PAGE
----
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``Adequate security ensured free and fair elections''

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Chief Election Commissioner N. Gopalaswami during an interview with The Hindu in New Delhi on Saturday.
Chief Election Commissioner N. Gopalaswami during an interview with The Hindu in New Delhi on Saturday.

J. Venkatesan

Chief Election CommissionerN. Gopalaswamijustifies the seven-phase elections for the Uttar Pradesh Assembly stretching for over a month. In an interview toThe Hindu,he says though the period was a little long it has ensured free and fair polls in the State. Excerpts:

How do you justify the seven-phase polls for the Uttar Pradesh Assembly? There is criticism that you stretched it too far. If this is for one State, what will be the position for the general elections due in 2009?

The point here is whether you conduct a good election or not. Out of the seven phases, six have gone without many incidents. There are re-polls in just six or seven polling stations against over 100 in the three-phase 2002 elections. By and large, the conduct of elections has been quite satisfactory so far.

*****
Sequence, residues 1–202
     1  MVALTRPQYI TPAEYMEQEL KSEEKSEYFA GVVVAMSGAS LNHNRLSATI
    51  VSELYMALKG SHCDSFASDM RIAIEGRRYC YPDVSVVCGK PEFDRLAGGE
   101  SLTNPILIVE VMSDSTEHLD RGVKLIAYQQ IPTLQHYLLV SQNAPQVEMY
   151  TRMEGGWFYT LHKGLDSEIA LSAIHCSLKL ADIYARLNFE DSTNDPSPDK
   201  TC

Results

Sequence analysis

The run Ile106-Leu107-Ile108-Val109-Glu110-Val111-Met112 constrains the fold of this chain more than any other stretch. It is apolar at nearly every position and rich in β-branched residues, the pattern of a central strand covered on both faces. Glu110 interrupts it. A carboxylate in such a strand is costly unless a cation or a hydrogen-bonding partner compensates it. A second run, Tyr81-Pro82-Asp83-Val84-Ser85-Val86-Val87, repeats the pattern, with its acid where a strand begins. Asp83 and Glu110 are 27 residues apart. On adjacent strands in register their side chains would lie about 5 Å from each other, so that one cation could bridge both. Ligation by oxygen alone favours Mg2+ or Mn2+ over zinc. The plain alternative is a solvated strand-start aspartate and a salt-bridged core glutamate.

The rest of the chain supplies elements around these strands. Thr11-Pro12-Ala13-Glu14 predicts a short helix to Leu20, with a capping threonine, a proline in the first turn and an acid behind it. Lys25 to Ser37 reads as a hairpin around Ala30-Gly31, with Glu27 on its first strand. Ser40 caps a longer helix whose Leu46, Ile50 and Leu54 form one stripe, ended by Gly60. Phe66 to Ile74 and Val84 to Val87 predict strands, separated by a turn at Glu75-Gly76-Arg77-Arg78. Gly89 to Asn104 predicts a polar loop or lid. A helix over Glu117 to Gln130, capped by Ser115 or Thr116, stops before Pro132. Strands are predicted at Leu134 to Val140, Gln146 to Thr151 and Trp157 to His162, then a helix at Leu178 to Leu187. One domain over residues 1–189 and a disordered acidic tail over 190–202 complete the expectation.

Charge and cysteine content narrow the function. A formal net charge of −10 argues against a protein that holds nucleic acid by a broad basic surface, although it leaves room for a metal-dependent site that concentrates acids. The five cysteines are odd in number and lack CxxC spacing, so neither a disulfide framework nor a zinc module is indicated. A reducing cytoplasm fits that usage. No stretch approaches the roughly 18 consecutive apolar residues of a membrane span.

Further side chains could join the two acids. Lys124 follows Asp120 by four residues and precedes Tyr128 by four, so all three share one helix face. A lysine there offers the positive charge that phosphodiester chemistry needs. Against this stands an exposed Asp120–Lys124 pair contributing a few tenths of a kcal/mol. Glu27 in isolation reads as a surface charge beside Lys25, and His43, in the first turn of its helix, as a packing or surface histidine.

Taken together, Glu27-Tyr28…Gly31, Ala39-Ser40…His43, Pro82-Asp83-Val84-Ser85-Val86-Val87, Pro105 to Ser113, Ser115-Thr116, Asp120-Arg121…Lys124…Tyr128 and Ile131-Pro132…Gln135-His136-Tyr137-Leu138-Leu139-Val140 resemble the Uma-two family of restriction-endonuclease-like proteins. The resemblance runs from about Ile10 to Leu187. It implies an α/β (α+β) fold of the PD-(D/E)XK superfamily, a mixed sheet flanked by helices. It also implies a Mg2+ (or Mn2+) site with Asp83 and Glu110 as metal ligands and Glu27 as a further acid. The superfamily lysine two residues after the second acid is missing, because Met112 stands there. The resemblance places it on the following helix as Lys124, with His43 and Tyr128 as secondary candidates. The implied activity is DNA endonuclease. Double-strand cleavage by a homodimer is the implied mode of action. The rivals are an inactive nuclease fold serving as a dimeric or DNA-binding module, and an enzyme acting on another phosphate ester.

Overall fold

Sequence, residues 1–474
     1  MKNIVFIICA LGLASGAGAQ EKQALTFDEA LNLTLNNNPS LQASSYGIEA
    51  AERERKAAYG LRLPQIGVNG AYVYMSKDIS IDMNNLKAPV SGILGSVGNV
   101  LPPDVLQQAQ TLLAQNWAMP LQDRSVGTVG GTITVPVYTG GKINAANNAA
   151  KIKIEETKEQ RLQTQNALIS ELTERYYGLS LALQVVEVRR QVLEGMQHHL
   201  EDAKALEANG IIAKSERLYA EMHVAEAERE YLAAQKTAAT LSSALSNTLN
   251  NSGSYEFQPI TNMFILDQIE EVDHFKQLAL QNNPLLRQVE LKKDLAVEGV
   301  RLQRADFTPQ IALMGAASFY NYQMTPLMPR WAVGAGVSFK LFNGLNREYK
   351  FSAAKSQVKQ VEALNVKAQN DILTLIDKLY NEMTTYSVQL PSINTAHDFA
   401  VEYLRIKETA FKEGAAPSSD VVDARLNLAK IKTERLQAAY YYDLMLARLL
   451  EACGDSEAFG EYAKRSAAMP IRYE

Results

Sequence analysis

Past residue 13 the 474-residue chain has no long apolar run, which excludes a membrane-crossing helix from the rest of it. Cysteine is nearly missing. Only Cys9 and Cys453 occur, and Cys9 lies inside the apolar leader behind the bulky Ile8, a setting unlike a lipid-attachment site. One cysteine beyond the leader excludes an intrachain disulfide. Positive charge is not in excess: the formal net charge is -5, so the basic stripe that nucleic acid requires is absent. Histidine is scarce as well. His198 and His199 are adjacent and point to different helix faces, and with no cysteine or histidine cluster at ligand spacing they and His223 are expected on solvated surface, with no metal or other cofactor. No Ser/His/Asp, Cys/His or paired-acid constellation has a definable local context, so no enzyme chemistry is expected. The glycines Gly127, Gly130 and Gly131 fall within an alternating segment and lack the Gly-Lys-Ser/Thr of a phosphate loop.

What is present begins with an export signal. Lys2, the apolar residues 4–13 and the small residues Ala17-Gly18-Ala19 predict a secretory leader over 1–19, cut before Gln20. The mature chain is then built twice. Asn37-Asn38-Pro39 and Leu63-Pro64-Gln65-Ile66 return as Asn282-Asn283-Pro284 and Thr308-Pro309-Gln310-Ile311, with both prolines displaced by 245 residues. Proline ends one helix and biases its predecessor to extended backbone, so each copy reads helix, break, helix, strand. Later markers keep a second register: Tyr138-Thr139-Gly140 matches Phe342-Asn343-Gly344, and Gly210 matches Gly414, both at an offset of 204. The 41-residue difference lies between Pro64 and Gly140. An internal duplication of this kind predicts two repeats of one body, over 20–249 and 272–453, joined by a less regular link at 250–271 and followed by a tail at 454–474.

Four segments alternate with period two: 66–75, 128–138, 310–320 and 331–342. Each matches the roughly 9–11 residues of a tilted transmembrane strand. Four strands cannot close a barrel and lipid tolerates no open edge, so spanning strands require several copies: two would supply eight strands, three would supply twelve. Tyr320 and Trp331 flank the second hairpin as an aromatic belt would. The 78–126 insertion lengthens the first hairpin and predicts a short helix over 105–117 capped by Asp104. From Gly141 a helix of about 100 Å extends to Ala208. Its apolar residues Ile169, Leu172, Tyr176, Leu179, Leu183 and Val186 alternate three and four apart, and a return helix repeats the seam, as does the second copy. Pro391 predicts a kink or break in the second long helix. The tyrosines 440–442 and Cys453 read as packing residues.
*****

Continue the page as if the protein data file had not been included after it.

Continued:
In our appreciation, for each polling station it was necessary to have a full security arrangement. So, out of 403 constituencies we should not have more than 55 to 60 constituencies per phase. Otherwise, 100 per cent security cover for the polling station is not possible. A total of 680-odd companies of Central security forces were used and the coverage was 95 per cent in the 1, 4 and 7 phases, otherwise it was 100 per cent coverage. Three phases would have meant no 100 per cent coverage. I am not saying seven is a magical number, which we could stick to. Our calculation is if you want to have 100 per cent security cover you need to have seven-phase elections. So we planned on that basis. In West Bengal, we had five phases for around 49,000 polling stations. In Uttar Pradesh, the number of police stations is 1,13,000. So seven phases is very reasonable. Even for the general elections one month may be a reasonable period.

You say re-polling is less this time. To what do you attribute this?

The main issue is security cover that ensured no disturbance to the polls. That is one of the reasons we opted for the seven-phase polls to ensure security cover to polling stations to the extent of 90 per cent and above.